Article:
Somewhat to my surprise, it turns out that I saw seven of the 10 films nominated for the “Best Picture” Oscar. I loved two of the seven: “The Blind Side,” which I wrote about here the weekend it opened, and “The Hurt Locker,” which we recruited Pulitzer Prize-winning critic Stephen Hunter to write about here. (I wrote briefly about “Inglorious Basterds” here; I thought it should have been titled “Stupid Bastards.”) Ross Douthat saw all 10 of the “Best Picture” nominees and commented on the expansion of the “Best Picture” category from five to 10 nominees.
Yesterday’s New York Times carried an interesting article on the commercial success of “The Blind Side.” The Times focuses on the film’s shrewd marketing. It considers the film’s story only as the story is incidental to the film’s marketing.
But the film’s story is inspirational and family friendly, depicting a Christian family living out its faith in taking Michael Oher into the family’s life and making him one of its (their) own. The film is rated PG-13 for one scene involving brief violence, drug and sexual references. The film’s themes and the skill (including Sandra Bullock’s) in telling the story have as much to do with the film’s success as the marketing behind it. The film’s success illustrates many of the points Michael Medved has made about Hollywood over the years, preeminently in his book Hollywood vs. America.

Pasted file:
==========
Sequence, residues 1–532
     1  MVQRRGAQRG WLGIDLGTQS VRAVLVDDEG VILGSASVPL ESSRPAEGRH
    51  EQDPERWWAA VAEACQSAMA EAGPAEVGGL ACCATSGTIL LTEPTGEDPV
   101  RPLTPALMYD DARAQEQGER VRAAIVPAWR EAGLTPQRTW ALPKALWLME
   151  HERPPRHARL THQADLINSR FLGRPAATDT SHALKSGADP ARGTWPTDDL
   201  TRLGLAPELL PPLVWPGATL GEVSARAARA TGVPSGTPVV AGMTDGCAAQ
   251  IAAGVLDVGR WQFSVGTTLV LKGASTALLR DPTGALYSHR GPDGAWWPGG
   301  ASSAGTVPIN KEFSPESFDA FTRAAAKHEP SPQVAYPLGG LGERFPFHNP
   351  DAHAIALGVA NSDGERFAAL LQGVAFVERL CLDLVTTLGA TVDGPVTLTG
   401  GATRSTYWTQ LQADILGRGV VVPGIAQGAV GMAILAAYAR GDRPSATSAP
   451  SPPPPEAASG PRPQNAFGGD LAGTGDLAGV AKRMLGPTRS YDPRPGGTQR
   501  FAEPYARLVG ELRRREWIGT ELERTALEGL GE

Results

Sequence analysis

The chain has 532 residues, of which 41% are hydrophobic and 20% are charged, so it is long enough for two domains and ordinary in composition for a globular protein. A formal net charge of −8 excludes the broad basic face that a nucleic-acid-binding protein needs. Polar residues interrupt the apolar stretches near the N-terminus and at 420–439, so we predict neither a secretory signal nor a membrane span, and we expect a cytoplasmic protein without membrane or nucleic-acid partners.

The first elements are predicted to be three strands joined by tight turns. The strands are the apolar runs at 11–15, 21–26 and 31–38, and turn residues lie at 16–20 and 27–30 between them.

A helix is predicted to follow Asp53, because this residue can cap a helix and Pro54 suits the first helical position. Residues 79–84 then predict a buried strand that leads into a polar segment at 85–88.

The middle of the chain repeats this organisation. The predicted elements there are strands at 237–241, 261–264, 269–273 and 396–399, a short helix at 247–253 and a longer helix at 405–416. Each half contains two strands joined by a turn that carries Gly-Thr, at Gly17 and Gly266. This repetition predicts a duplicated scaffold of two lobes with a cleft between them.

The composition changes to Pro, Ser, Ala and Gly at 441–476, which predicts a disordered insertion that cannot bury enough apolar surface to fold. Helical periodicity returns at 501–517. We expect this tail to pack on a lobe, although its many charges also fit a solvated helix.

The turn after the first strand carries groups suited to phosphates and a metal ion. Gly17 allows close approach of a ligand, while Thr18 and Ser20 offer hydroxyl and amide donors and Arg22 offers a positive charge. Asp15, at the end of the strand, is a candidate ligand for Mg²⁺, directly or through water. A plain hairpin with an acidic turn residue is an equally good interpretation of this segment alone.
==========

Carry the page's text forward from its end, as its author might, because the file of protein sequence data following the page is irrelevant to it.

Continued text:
Not that “The Blind Side” is going to win “Best Picture.” It shouldn’t and it won’t. But it was the most enjoyable film of the seven I saw that made the “Best Picture” cut. And the award for the least enjoyable, most unpleasant film of the seven I saw goes to…open the envelope, please…the Coen Brothers for “A Serious Man.”
UPDATE: What I would have said if I could about “A Serious Man” is said in Professor Maimon Schwarzschild’s post “Horror show.”
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